A large number of different Postural Curves could so be defined for every body. And on each curve a large number of different stances could be found. They would have the same number of “wave crests and troughs” which would each occupy approximately the same length of the midline, and they would have the same direction. En. would be the same for such types of midlines belonging to the same curve if the radius of the “waves” were the same. But Es, and therefore overall energy necessary to maintain a given stance would be different for different structures, of course.
Such Postural Curves have some significance functionally, especially for the sagittal dimension. They indicate the specific way in which the normal way of sinking or taking successively relaxed stances, which is Folding, is disturbed. They are much more important structurally, however, because they allow one to identify the structural state of the body to a considerable degree both in the sagittal as well as in the transverse dimension. For, the method for determining the direction of the structural aberration of a part of the body goes from neutral stance; by selectively relaxing muscles, one can observe the direction in which the part begins to move.
From the mechanics of standing, two completely different regimes must first be described.
Sleeve-supported stance in some form or other is employed habitually by a large majority of clients and by all structural types. It nevertheless does not constitute “normal standing” functionally. Only locked-knee internals are adapted to it structurally while with the others this stance obscures the structural relationships(5).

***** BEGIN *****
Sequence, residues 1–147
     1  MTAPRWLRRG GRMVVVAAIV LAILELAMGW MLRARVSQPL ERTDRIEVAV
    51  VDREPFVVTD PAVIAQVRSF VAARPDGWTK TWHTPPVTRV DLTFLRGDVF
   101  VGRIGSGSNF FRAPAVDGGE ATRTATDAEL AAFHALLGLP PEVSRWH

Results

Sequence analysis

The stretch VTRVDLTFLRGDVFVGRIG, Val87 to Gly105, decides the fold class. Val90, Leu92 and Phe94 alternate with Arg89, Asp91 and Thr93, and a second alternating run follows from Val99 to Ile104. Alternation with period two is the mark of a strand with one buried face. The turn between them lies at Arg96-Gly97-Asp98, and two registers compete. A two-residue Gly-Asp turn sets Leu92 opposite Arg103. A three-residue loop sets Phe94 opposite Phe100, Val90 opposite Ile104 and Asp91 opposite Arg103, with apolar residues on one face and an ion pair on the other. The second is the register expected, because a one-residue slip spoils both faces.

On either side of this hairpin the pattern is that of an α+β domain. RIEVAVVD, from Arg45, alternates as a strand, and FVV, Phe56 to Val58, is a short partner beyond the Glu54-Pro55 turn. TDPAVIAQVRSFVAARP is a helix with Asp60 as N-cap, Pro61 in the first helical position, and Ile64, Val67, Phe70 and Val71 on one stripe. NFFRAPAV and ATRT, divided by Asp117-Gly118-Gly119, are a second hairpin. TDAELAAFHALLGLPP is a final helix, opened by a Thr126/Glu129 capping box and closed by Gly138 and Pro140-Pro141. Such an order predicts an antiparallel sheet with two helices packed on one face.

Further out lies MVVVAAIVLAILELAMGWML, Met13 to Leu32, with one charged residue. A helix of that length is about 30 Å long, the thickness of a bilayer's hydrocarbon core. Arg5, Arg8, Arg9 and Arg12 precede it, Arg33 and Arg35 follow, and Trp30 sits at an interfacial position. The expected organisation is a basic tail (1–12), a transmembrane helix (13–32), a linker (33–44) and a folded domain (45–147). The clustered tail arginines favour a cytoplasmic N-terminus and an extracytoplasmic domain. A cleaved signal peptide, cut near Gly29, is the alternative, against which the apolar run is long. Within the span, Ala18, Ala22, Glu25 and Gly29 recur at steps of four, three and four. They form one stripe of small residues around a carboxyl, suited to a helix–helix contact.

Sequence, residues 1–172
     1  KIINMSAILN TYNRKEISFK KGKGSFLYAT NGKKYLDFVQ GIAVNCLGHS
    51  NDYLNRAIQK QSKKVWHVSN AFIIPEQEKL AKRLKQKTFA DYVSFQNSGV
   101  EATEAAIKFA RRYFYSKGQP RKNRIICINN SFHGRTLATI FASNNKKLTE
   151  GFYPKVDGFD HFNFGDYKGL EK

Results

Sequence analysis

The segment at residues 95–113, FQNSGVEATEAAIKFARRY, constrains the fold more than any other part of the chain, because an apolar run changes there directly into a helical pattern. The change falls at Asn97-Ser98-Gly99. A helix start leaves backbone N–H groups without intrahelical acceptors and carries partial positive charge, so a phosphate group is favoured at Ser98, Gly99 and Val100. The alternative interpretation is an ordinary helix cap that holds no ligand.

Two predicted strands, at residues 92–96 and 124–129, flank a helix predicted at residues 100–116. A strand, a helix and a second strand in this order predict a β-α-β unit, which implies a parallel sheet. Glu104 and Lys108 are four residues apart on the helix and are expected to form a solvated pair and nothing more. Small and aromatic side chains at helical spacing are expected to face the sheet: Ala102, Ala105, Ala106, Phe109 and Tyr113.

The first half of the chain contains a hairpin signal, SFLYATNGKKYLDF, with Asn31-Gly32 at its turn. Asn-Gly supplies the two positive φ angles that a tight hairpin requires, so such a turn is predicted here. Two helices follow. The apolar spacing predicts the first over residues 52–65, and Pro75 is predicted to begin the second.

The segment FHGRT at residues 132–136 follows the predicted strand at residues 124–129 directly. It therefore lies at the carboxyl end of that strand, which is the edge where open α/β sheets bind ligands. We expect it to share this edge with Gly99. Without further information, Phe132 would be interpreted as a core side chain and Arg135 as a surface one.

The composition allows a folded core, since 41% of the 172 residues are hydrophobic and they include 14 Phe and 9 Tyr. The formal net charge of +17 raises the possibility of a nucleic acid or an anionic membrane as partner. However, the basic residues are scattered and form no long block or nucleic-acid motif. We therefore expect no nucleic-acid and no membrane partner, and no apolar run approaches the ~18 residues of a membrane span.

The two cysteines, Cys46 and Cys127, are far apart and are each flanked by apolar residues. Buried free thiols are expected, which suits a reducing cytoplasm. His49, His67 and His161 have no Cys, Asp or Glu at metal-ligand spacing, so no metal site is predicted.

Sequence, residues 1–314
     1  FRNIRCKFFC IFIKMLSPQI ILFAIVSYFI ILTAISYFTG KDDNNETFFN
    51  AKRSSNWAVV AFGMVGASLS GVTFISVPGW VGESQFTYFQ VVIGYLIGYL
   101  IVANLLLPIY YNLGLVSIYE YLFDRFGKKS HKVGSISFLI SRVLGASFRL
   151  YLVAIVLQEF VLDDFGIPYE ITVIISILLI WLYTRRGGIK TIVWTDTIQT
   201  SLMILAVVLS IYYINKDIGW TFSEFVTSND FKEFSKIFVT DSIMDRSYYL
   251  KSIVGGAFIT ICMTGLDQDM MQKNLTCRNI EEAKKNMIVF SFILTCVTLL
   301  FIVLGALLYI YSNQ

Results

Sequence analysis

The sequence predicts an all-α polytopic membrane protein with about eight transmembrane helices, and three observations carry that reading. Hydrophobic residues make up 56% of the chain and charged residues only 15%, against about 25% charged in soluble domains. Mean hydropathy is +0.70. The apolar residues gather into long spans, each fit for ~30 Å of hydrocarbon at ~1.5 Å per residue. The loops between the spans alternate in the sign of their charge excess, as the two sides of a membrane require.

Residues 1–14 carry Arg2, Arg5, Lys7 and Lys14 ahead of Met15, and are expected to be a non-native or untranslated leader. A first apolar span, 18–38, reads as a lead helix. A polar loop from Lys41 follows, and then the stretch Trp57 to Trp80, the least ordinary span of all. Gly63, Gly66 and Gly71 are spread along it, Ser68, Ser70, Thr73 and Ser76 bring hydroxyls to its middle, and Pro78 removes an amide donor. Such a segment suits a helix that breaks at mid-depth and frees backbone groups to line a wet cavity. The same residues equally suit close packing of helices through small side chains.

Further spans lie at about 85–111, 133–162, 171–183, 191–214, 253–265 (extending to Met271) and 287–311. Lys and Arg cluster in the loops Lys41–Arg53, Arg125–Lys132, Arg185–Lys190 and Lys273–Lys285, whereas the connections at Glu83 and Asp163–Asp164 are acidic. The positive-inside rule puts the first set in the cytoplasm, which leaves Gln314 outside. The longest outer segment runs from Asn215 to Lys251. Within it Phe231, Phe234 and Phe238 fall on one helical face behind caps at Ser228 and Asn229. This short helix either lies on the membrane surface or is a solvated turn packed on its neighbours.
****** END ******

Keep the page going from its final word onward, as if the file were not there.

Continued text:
Sleeve-support is explained easier at the knee than at the pelvis. It is a convention to use the angle of the posterior or popliteal side of the knee to indicate the relationship between thigh and lower leg, as seen from the side. The angle is between the midlines of thigh and lower leg. It is 180° in “exact extension”. It becomes less with flexion of the knee; it increases to above 180° in hyperextension. To simplify matters, in the following it is assumed that in “exact extension” at 180° the midline of the whole leg is also vertical besides straight, and that in flexion, when the lower leg slants forward, the thigh slants back. In hyperextension, when the lower leg slants back, the thigh is assumed to slant forward.
For reasons of geometry, the top of the lower leg and therefore the center of the knee is highest with the lower leg vertical. With any slanting forward or back, the knee loses height.
The mechanics of the flexed knee, where the angle is less than 180°, is simple. Gravity pushes the knee forward. Regarding the fascial net and the tonus pattern, passive tissue tension in the back of the knee can be considered absent. Fasciae by themselves at most hold a negligible amount of elastic energy in the back of the knee, at least some way into flexion. Sometimes they play an important role, though. With some regular internals and symmetrical externals who are not able to extend fully at the knee, the knee extensors, however forcefully “working”, are not able to overcome the passive resistance of the fasciae in back. “Exact extension” is not possible for them for structural reasons.
Muscles, the “knee flexors”, always contribute a little tension which adds to gravity pushing forward. From the economical premise it follows that their tonus should be
The forward thrust by gravity and whatever there is of passive and active tension in the back is neutralized by tension in front, in flexed-knee stance. This is also the sum of a passive and an active component. The first is largely given by the passive tissue tension of the stretched fascial system belonging to the quadriceps. Some active tension is of course necessary. As always, it should be provided by the deep and short muscles, not by the long and superficial ones. The vasti are “working” but not the rectus femoris.